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LOCAL VOICES: Know your pharmacist, know your medicine
by Jennifer Shannon, PharmD
October 16, 2013 11:16 AM | 7757 views | 1 1 comments | 71 71 recommendations | email to a friend | print
October is a great month for various reasons; it brings the cool, crisp fall air, football tailgates and parties, and the smell of pumpkin in our homes.  As a pharmacist, one of my favorite reasons to love October is because it is American Pharmacists Month.  Did you know that there are more than 300,000 licensed pharmacists in the U.S. who are capable of answering many of your questions regarding your medications and disease states?  This is a great time to think about setting up an appointment with your local pharmacist to discuss your medications.

Patients who know their pharmacist’s name are twice as likely to ask their pharmacist questions regarding their medications.  They are also twice as likely to have made an appointment with their pharmacist to review their medications, and are more likely to read product labels and know the active ingredient of their prescription and over-the-counter medications, which can be important in preventing an accidental overdose.

Americans spend billions of dollars on medications each year, and the most expensive medications are those that are used incorrectly.  Every year in the U.S., failure to take medications as prescribed results in 1.5 million medication-related adverse events and costs the health care system about $290 billion.  Taking your medications properly can significantly reduce your healthcare costs, and getting to know your pharmacist will help.

You should view your pharmacist and provider as a healthcare team.  Together, they can work to optimize your disease state therapy.  Pharmacists today are moving away from “just filling prescriptions” to helping patients optimize their medications by providing medication therapy management services.   At my own pharmacy, our mission is to perform these services with all our patients to improve their health outcomes.

You should choose your pharmacist as carefully as you choose your provider.  Pharmacists are the second-highest trained medical professional next to physicians and our knowledge can be very valuable in working with your provider.  Take the time to find a pharmacist that you are comfortable talking with and one that takes time to review your medications. You are ultimately responsible for your health, and if you keep your pharmacist up-to-date on your health and medications, he or she can help you to better manage your disease state in collaboration with your provider.  In the present day of coupons with prescription transfers, four dollar lists, and free medications, patients find themselves switching back and forth from pharmacy to pharmacy, often leading to poor management of their health and medication errors.  Keeping your medications at one pharmacy allows the pharmacist to have full access to your medication history no matter how many providers you may have.  Additionally, it enables us to regularly perform medication reviews to make recommendations to your provider to optimize your therapy, likely reducing your prescription costs and improving overall health.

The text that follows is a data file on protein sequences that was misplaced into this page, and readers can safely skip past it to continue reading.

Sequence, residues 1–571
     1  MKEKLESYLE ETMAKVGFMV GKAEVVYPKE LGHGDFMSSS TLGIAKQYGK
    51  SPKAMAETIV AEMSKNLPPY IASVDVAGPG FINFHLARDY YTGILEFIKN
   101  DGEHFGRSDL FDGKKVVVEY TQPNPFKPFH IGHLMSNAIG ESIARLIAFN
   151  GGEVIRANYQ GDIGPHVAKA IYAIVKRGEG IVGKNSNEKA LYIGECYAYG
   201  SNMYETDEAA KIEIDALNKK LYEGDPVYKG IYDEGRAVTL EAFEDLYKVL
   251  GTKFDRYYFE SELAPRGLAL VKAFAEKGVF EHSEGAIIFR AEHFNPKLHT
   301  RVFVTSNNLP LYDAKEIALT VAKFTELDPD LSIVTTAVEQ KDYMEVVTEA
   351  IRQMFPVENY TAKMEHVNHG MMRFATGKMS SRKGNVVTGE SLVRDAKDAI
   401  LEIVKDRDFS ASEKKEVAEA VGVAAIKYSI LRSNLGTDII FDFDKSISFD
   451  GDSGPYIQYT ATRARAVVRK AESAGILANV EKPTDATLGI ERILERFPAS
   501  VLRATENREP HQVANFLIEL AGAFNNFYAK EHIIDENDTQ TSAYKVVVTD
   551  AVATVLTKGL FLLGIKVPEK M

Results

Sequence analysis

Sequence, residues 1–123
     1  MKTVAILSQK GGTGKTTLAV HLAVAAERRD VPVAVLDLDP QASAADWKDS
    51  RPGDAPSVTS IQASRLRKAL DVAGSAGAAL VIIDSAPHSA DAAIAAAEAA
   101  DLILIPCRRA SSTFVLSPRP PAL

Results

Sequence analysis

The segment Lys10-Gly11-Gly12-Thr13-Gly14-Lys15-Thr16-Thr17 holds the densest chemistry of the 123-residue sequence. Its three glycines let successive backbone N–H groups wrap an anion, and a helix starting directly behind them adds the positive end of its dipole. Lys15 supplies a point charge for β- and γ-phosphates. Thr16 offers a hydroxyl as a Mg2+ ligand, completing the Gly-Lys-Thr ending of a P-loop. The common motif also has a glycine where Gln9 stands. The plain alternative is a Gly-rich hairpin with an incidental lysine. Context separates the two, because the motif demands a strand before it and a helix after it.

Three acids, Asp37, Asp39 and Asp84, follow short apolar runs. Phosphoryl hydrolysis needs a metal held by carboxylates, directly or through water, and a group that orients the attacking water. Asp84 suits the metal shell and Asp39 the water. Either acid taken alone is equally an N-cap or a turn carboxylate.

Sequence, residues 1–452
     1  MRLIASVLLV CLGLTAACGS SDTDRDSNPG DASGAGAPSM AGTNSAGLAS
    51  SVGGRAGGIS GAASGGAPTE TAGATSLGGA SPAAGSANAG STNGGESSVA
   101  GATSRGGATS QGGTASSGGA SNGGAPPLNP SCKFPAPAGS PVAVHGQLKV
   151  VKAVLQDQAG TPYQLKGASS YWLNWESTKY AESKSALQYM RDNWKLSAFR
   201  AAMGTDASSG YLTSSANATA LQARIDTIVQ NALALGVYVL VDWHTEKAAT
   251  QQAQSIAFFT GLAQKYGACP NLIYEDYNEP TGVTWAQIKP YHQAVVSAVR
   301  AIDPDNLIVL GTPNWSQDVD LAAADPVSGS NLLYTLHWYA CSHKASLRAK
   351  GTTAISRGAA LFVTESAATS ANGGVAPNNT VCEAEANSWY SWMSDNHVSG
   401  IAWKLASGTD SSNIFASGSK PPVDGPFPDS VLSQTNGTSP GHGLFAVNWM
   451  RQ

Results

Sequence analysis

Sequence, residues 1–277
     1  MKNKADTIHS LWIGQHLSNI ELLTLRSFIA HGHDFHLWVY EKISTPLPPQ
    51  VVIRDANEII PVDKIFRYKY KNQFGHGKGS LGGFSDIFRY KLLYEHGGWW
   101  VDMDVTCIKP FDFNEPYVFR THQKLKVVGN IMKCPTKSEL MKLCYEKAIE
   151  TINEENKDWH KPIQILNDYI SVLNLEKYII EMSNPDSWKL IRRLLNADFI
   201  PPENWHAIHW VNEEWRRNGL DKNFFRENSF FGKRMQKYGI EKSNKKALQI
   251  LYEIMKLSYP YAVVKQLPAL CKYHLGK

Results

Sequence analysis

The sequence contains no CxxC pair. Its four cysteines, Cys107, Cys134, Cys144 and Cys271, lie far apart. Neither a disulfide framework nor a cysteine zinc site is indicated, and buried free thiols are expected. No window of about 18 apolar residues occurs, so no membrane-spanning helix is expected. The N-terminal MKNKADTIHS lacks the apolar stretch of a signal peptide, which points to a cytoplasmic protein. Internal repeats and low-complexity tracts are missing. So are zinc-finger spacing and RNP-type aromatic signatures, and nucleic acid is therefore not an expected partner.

My ultimate goal of this column is to encourage you to take the time to talk with your pharmacist regularly.  There is a direct correlation between pharmacist-patient interactions and improved health outcomes.  I hope you will take a moment to ask questions when you pick up your prescription and get to know your pharmacist.  I personally am always happy when patients want to know more about their medications and disease states.   It gives me the opportunity to get to know my patients and provide encouragement and support in their disease state management.  I couldn’t think of a better month to open the doors to Lily’s Pharmacy than October, American Pharmacists Month.  Please feel free to stop by my pharmacy any time with questions or to just say hello.  I love to get to know patients, fellow community members, and their families, and I promise to treat every patient as if they were a member of my own family. 

Examples of medication therapy management services that a pharmacy may provide:

- Annual medication check-ups to review all medications

- Prescription medication education – purpose, interactions, side-effects, timing and dosing of your prescription medications

- Advice on over-the-counter medications and supplements

- Maintaining a personal medication record that includes all medications, immunizations and health care providers

- Medication adherence reminders or counseling on ways to make it easier to take medications

- Immunizations

- Diabetes management with blood glucose monitoring, proper insulin injection technique

- Health maintenance guidance - smoking cessation, asthma care, nutrition management, body mass index (BMI) screenings

- Cardiovascular disease management – blood pressure and cholesterol screenings.

Dr. Shannon is an Ambulatory Care Pharmacist and owner of Lily’s Pharmacy of Johns Creek, named for her daughter, Lily, which will be opening at the end of this month. Her areas of special interest include anticoagulation, cholesterol management, diabetes, heart failure and hypertension. Visit for more information about her patient care services.

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